Editor's Desk: Amenities are just part of what your facility can offer
James M. Berklan, Editor
The greatest college basketball coach of all time, John Wooden, said it best: Don't let what you cannot do stop you from doing what you can do.Nursing homes fretting about how to keep census high and maintain a good image should take heed.
Worried about how to compete with the new place down the street with fancy chandeliers and gourmet dining? Don't be. Just do what you can (make sure this includes providing solid healthcare) and things can turn out well. That's true even if you're “just” a nursing home while others are assisted living facilities or fancier settings.A recent study involving a group of Connecticut seniors living in nursing homes, assisted living facilities and care homes revealed that the setting wasn't as important as personal characteristics when it came to their happiness, satisfaction and overall health. In other words, what they brought to the table—mentally, emotionally and physically—had as big or bigger an effect on their sense of well-being and health than whether the facility's player piano was pitch-perfect.
Those in assisted living facilities initially scored higher on social interaction and had less prevalence of depression. But when researchers from the University of Connecticut Health Center factored in variables such as age, marital status and level of optimism, the assisted living edge disappeared, they said. Study results appeared recently in The Journal of Applied Gerontology.That doesn't let marketing departments and facility staff members off the hook, however. Far from it.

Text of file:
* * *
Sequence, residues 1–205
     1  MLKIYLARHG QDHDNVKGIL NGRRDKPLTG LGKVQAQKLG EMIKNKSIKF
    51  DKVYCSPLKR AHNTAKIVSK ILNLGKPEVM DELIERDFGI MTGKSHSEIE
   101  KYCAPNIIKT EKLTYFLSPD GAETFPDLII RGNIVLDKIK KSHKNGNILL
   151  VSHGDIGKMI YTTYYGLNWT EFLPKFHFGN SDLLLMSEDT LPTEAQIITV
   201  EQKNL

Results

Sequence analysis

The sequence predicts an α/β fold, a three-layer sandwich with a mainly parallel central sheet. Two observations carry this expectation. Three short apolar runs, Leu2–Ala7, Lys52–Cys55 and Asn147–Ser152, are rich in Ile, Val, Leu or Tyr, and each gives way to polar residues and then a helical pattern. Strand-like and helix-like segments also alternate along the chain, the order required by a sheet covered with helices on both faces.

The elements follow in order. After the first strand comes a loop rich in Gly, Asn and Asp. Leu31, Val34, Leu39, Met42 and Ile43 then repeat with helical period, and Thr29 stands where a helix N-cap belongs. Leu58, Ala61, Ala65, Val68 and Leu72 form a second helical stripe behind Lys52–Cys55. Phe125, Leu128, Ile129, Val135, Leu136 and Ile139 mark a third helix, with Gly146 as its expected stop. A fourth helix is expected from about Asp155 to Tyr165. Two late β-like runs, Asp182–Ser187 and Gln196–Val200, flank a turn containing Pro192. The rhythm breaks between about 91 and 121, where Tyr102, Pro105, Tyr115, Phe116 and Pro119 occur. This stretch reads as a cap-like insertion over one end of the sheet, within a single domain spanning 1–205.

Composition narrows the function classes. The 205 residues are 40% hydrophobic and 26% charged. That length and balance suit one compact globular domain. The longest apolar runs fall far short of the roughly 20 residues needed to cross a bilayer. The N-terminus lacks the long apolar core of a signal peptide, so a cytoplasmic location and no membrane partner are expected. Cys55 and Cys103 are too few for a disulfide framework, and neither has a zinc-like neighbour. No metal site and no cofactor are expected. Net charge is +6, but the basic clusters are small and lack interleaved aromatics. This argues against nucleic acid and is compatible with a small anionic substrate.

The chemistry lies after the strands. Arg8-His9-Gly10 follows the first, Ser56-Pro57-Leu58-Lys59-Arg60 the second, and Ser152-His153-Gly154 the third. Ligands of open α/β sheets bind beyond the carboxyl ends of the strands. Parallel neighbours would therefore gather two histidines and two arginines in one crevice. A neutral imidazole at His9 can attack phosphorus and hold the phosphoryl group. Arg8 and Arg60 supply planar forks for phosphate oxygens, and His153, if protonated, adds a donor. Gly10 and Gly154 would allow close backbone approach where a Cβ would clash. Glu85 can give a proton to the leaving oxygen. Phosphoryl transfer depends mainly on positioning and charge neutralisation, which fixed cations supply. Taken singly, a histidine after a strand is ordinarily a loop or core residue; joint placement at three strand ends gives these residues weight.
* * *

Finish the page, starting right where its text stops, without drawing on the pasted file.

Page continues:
Other accounts, both anecdotal and academic, continue to point out that how welcome and involved in the selection process a resident feels are major predictors of satisfaction levels.So meet your potential residents at the front door and don't spare the personal attention. Remember that the resident herself also needs to feel active about choosing her future home. Work hard to create social networks within your buildings.
To reiterate, when the researchers inquired about quality of life and emotional well-being, residents' answers did not hinge on housing types, as researchers thought they would.That means it gets back to one word: service. You are ultimately in a service-oriented profession. “Bells and whistles” don't mean much if the people you expect to use them aren't happy.